• Federal Whistleblower Protection
  • January 21, 2018
  • When we think of government agencies, we think of protection, justice, and law. Even though the government works to protect and serve the country to the best of its abilities, workplace harassment and abuse occur on a governmental level. Federal employees often face discrimination and harassment in the workplace for whistleblowing, or speaking out against unethical or illegal actions.

    Federal employees that are bold enough to expose wrongdoing in government agencies often suffer from workplace harassment. Supervisors are unafraid to humiliate, marginalize, or ostracize federal whistleblowers. In fact, supervisors who condone whistleblowing are often rewarded for their actions with supplemental bonuses and promotions. A new law, which was signed and approved by both chambers of Congress in October, is set to put a stop to management retribution by making supervisors face disciplinary measures for their actions against whistleblowing federal employees.

    The Whistleblower Protection Act of 2017
    Named after a former psychologist for the Department of Veterans Affairs, Dr. Chris Kirkpatrick, a whistleblower who actively complained about the over-medication of patients at the Tomah VA Medical Center in Wisconsin, the new law is set to provide federal whistleblowers with the rights they deserve. Kirkpatrick was terminated from his position from the VA medical center after speaking out in favor of patients’ rights in July of 2009. Since the event, officials and whistleblowing employees have been making a stand in favor of federal workplace rights and free speech without fear of retribution. The Dr. Chris Kirkpatrick Whistleblower Protection Act of 2017 is setting a standard for federal whistleblower protection. If it is determined that a supervisor retaliated with a prohibited action against a whistleblowing employee, they can face suspension for up to three days for the first offense, and could be removed from their position if a second offense occurs.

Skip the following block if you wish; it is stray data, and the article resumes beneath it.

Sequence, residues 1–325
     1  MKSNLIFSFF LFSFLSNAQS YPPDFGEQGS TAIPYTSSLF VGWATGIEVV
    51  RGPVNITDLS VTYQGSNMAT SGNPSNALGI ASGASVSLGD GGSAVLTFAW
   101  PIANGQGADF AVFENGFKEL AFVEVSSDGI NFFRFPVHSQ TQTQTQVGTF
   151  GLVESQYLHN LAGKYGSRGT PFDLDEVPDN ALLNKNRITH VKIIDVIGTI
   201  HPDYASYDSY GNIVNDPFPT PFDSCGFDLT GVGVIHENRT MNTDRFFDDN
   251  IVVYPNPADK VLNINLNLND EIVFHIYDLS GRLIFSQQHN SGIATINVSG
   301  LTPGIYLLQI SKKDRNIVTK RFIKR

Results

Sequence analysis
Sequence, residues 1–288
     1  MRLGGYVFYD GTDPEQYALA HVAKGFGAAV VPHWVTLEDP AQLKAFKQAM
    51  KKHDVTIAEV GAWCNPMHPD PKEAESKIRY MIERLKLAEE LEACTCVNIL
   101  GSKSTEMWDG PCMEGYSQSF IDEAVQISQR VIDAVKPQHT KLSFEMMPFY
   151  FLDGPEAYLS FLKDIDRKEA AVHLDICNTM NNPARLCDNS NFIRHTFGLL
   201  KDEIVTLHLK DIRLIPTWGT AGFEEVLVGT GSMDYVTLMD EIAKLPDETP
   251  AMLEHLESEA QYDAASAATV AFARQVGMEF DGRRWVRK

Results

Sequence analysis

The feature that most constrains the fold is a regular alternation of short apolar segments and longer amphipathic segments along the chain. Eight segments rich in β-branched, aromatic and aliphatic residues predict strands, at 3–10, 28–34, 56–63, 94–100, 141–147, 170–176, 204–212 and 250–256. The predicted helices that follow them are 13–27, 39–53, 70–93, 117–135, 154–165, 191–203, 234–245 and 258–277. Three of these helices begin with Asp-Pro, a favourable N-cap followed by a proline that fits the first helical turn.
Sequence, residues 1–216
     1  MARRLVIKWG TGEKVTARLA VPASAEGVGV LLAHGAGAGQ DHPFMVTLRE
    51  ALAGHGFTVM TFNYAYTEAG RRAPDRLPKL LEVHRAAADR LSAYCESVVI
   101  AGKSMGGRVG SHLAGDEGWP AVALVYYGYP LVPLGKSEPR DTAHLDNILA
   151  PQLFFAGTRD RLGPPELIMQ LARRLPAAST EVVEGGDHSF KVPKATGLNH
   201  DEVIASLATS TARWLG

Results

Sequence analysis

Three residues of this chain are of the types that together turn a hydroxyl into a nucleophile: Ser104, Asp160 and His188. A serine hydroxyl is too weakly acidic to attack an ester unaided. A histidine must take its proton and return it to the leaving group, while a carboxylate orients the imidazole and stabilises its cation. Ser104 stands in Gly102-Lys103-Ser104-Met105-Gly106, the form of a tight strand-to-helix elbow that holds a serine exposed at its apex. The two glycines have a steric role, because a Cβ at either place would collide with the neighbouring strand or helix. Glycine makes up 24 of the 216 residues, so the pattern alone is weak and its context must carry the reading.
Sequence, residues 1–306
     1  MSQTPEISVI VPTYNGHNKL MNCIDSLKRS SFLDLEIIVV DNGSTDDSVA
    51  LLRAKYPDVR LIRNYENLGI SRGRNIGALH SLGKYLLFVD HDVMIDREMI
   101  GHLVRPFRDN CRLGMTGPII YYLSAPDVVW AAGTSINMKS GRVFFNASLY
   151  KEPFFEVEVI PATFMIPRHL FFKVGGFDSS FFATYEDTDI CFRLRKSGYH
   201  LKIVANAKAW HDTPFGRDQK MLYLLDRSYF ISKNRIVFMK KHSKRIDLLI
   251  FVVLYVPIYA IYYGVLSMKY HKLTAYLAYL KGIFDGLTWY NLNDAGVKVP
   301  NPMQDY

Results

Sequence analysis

Will the Law Protect Whistleblowers?
    Several laws already exist to protect whistleblower rights. Media exposure, supervisor training programs, and investigations have occurred in the past that have failed to protect federal whistleblowers from retaliation. For the new bill to make an impact, change needs to happen. Agencies need to make a stand for whistleblower rights. Retaliation should be unacceptable and should be made clear that it will no longer be tolerated in the workplace. If corrective actions are taken under this new law, then whistleblowers will receive protection from workplace harassment once and for all. Attempts to intimidate or silence whistleblowers are unlawful and a form of workplace harassment. All employees are entitled to speak openly about policies, actions, and situations that they do not agree with.

    Cherry Hill Whistleblower Lawyers at Sidney L. Gold & Associates, P.C. Assist Victims of Workplace Harassment
    If you or someone you know has faced retaliation because of whistleblowing, you may be entitled to compensation. Our experienced team of Cherry Hill whistleblower lawyers at Sidney L. Gold & Associates, P.C. will work with you to ensure that you receive the justice you deserve. With a conveniently located office in Philadelphia, Pennsylvania, do not hesitate to contact us online, or call 215-569-1999 to schedule a free consultation.